‘We live in a difficult time’: Richarlison on racism and his anti-poverty drive

Richarlison and his Brazil teammates could sense something unpleasant in the air as soon as their national anthem started at Parc des Princes. They were lining up for last month’s friendly against Tunisia and the scale of hostility from their opponents’ fans, effectively a home crowd, felt oddly heightened. “They started booing and cursing, so we already saw that something worse was to come,” the Tottenham forward says.

The players were proved right in the most depressing way possible. Richarlison was celebrating Brazil’s second goal in a 5-1 win when, among several objects thrown on to the pitch, a banana could clearly be seen falling in front of him from up in the stands. If a form of footballing justice was meted out in the eventual scale of the victory, it bore little comparison to the price that should be paid by individuals who blight sport and society with racism.

“The punishment needs to be more severe,” he says. “When that person threw the banana there, I ended up leaving it to the side and celebrating the goal with my teammates. I left it there and kept my focus on the pitch. But, as I said, this type of thing needs to be punished so that other people don’t do the same.”

It is a chilling image, captured clearly by camera footage inside the stadium, and presses home how far there is to go in erasing such mindless acts of cruelty. “We live in a difficult world, in a difficult era, where people don’t have respect for race, for religion, for politics, or whatever it may be,” Richarlison says.

The fact Brazil had posed before the game in Paris with a banner reading “Without our black players we wouldn’t have stars on our shirts” casts the incident in particularly stark relief. The gap between good intentions and happy consequences is yet to be fully bridged even if football is trying. Richarlison is speaking before last weekend’s round of fixtures, which were the second of two dedicated to the Premier League’s No Room for Racism campaign this month. Players took the knee before Richarlison and Spurs faced Everton on Saturday and the hope is that impactful anti-racism actions keep hitting home.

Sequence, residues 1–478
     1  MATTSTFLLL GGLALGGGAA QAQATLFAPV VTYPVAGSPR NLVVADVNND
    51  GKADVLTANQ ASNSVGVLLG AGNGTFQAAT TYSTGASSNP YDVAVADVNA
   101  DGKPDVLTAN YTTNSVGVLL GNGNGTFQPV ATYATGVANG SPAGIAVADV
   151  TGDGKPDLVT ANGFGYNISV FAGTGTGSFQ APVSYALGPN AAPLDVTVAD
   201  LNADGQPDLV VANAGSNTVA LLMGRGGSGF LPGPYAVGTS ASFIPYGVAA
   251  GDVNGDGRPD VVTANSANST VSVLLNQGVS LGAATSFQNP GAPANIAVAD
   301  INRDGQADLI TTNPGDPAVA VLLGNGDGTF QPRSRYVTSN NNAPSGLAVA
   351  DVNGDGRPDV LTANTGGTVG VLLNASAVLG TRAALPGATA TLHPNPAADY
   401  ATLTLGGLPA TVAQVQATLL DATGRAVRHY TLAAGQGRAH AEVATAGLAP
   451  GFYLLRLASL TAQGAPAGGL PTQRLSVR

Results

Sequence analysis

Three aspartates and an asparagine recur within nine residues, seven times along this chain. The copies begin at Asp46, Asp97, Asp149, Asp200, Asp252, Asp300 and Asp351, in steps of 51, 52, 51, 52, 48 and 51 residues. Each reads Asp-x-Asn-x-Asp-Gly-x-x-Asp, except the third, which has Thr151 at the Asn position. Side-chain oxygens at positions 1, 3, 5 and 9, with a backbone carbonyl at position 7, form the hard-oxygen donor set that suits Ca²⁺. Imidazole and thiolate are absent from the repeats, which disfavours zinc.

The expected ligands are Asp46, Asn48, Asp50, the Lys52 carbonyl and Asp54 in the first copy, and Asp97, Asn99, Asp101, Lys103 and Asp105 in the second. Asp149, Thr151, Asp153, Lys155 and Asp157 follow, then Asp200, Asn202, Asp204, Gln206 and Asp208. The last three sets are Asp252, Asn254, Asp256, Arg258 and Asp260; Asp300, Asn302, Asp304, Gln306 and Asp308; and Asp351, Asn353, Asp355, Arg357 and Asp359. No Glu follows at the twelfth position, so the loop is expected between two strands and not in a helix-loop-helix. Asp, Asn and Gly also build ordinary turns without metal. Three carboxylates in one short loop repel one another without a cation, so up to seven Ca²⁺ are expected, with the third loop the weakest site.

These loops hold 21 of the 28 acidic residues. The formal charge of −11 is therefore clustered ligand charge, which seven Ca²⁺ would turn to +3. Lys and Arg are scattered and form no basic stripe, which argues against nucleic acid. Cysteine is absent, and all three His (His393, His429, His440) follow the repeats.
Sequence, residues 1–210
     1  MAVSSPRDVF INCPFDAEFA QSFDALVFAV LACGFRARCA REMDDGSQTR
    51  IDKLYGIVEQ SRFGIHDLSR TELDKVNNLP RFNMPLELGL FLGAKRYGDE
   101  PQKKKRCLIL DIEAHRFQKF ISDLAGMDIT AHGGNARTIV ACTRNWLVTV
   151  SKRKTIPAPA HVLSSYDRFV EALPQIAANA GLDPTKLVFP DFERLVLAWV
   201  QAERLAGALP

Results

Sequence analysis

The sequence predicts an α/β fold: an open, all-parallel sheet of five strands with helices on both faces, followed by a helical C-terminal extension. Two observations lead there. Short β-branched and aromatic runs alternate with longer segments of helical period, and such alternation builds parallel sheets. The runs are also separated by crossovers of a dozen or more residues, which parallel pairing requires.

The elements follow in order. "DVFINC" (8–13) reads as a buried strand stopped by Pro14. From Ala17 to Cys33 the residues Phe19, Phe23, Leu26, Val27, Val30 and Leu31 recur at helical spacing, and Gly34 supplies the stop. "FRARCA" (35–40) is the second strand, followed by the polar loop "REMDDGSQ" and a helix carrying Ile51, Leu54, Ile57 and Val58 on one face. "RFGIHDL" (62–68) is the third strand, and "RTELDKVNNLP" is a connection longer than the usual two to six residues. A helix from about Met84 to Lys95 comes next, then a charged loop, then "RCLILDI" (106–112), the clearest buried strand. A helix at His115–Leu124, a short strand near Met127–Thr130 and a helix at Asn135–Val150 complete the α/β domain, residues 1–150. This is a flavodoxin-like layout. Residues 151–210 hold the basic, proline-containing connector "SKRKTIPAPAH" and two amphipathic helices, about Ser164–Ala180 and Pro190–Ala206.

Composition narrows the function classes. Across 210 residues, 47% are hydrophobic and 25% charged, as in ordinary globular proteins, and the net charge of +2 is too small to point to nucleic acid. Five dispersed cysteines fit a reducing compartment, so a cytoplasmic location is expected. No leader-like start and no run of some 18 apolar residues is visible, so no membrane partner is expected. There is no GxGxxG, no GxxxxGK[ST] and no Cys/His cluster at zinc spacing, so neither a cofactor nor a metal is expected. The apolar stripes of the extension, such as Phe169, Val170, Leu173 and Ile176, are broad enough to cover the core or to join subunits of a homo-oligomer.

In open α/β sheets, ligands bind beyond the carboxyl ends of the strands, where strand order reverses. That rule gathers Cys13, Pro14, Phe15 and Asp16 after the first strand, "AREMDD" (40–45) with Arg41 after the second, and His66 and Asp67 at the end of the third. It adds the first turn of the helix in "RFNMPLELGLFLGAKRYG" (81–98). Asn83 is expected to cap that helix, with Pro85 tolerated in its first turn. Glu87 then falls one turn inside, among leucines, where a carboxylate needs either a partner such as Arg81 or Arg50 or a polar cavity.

They are felt globally and so, unfortunately, are shocking moments of the kind Richarlison experienced against Tunisia. Among those watching was Vinícius, a 25-year-old Tottenham fan from Salvador, who wrote a letter to him in support. It is some experience to hear Richarlison carefully read aloud the words written by Vinícius and reflect on the common ground that neither man should have to occupy.

“For my whole life I’ve been scared of suffering what you suffered [in Paris],” Vinícius writes. “The thought of racism kept me up at night and for much of my childhood, I avoided leaving the house. From an early age I understood certain things about racism. When there were white people, I felt the ugliest and most incapable out of everyone. I felt inferior.”

Vinícius describes how he would wait outside shopping centres while his white friends, who held no fears of being pulled up by security guards, went inside to try on clothes. It is the kind of everyday hindrance that, added up, holds back so many lives and Richarlison knows how it feels.

“I too have gone into the shopping centre and the security followed me and my friends,” he says. “It wasn’t just because we didn’t have expensive clothes or because we were thieves, whatever the security was thinking. This is quite painful because we feel different to other people. This hurts inside.”

Richarlison is trying to lessen others’ pain and give them the resources they need to stand tall. “I know what I went through in my childhood,” he says. “I wasn’t born in a golden cradle so, now I’m in a better place, I try to help as much as possible, mainly people in Brazil.”

He gives up 10% of his salary to help fund Instituto Padre Roberto Lettieri, a support house in Barretos, São Paulo state, that assists cancer patients from a local hospital. It gives free accommodation and food to those who arrive for treatment but cannot afford sustenance. He also helps more than 100 families in his home city, Nova Venécia, through its local football club. “I don’t do this because I have to, I do it from the heart,” he says.

The fight against discrimination goes to the very core, too. Nobody deserves to feel the level of discomfort and alienation experienced on that pitch in Paris, or around those shopping centres in Salvador, but he concludes that hope must never be allowed to wane. “I think we live in a difficult time, but I’m still dreaming of the day when racism ends.”

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